eye can be tough with the mast up I did not tie the jib sheet off here. I simply fed it through the eye and back to a cleat on the base of the mast! Do not tie it tight now.
You'll be adjusting it soon. Now do the same with the starboard side sheet. Top of boom, through bridle, through eye on mast, and back down to cleat on base of mast.
Again, tie it off but not pulled tight yet.
Now , I originally used the main sheet for this step but decided to make a dedicated line for this. Hook a block up to the end of the boom that has all those lines
already on it. Hook a block up to the jib tack on the bow. Do not use the hole that the forstay is hooked up to. You'll need that! ;)
Now take a very long line, tie one end to the bow cleat. Run the other back up to the block on the boom you just added,and run it back through the block on the
bow you just added, and then back to the starboard side winch. I have a clutch jam cleat I run the line through. If you have one I recommend doing the same.
It will hold the line for you when the time comes. Otherwise you're going to have to cleat it off by the winch.
Almost there!!! Stand the boom up if you have not already! Put the pin in the base of the mast, and set the outward end of the boom on the pin.
Now you have a mess of lines above you almost as if you are making a tent! Cute huh! Again, make sure the boom is straight up and not leaning port or starboard. Use the
sheets ( remember the lines running through the bridle, etc? ) to straighten the boom port and starboard. Snugg them up and tie them off at the base of the boom.
Confirm the boom is leaning just slightly aft and less than 90 degrees to the mast. now pull that extra line tight that we just hooked up through the block on the bow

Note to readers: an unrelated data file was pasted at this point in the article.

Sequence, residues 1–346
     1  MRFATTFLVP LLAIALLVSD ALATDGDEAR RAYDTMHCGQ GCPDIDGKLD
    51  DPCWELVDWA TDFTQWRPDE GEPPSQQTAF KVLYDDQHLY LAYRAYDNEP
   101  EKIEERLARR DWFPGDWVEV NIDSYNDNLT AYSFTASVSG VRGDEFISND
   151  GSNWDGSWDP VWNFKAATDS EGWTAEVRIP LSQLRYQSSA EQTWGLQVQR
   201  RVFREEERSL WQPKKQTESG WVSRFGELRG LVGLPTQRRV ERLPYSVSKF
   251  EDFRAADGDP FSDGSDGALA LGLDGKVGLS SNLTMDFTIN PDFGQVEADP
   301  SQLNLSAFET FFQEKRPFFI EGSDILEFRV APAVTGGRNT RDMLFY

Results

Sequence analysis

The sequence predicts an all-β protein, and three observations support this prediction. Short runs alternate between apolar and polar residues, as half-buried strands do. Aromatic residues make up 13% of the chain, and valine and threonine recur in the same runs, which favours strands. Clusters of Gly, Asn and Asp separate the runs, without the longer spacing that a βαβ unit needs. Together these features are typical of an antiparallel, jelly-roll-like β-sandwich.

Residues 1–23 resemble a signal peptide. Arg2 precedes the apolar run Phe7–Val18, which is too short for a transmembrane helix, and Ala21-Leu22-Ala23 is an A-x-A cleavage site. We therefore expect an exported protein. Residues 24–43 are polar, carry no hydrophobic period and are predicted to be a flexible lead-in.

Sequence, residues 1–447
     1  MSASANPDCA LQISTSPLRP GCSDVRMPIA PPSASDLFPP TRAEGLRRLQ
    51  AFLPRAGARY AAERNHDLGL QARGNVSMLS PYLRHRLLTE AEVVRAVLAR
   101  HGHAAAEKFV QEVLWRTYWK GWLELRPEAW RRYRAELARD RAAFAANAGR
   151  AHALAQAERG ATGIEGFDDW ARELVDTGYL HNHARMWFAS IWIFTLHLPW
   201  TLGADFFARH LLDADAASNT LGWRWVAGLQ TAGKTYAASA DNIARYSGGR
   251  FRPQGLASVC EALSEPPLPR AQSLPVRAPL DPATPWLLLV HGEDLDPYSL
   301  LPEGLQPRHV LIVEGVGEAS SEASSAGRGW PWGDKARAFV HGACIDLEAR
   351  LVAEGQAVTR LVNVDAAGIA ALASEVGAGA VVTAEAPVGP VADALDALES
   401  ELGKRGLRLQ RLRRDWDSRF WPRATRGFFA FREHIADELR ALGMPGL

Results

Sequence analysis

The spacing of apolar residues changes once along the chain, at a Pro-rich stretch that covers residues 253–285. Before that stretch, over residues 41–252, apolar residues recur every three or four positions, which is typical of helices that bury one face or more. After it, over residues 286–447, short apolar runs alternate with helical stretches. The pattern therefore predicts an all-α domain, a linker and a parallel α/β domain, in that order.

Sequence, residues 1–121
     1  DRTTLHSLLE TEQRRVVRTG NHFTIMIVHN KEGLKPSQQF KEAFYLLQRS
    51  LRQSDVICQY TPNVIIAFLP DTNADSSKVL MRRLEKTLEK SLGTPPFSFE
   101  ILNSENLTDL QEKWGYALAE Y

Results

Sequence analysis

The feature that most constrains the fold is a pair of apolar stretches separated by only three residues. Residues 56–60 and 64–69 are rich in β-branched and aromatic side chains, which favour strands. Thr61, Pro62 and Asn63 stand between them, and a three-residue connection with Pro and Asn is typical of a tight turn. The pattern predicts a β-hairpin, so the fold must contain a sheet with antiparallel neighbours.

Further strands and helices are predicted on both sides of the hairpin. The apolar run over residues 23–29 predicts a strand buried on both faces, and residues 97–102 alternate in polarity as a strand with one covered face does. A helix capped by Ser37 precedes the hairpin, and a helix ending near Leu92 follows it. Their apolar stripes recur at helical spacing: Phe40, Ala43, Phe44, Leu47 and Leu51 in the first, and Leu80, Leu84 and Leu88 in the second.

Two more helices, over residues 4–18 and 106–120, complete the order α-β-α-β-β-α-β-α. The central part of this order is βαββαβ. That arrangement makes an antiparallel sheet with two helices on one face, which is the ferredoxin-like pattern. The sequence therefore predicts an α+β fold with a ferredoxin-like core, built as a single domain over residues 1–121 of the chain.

and tie it off snug at the winch. The boom should be solidly held in place now without any hint of falling. Yeah, I know it is like wrestling an octopus
the first time however it really does get easy after a few tries. I raised and lowered my mast several time at home before I had the guts to do it
at the boat ramp!LOL! Quite the specticle in a quiet neighborhood!!!!
Last step before the big moment!! However in my mind the most important! Check and double check everything!!! Picture the mast going up on your mind!
Are the shrouds going to hook on anything? YES THEY WILL! Are the tangled? Fouled? Check the aft stay end to end! Double check your main halyard is
secure at the base of the mast on BOTH ENDS! LOL! Experience speaking there ! A can not express enough how important it is to make sure you've not fouled any lines.
Trust me!!! You have!! Find them or you have to wait until the mast is partially up before they show themselves!!!
That's it!! take a breath, look around, make sure no one is looking, and have at it! That long line you fed back to the winch?
uncleat it, wrap it on the winch and start cranking! It is a 2:1 purchase so it seems hard at first however it gets progressively easier
quite fast! Maybe a gentle lift of the mast is in order of you do not have the mast supported high on the end.
Crank slowly! You'll want to just zoom it right up and you can! it is that easy to raise however, remember that line or shroud I said would get fouled?
Yeah, there it is!LOL! Lower the mast and go clear the line!!! Hah hah!! You thought you'd cleared 'em all didn't ya! LOL!
I like the using of the winch because I can stand in the cockpit and watch all the lines as the mast goes up. I also am very carefull to never stand under the mast as it goes up.
No reason to take a risk there. The use of the winch and jam cleat allow for stops part way up for photo ops :) and general looking things over.
Now the mast is up! Whew! It does get faster and easier. Remember when you hooked the forstay to a bungee somewhere on the toe rail? Now go get it and pin it to the
bow!! If you have not fouled any lines or lost a halyard, go ahead and TAKE PICTURES!! It is a cool feat to accomplish! Now remove all them lines from the boom,
grab the silly pin holding the boom to the mast base, and disassemble the rest of your rig! I leave the bridle permanently affixed to the toe rail.
I fear if I remove it for safe keeping I'll forget where I safely kept it! LOL!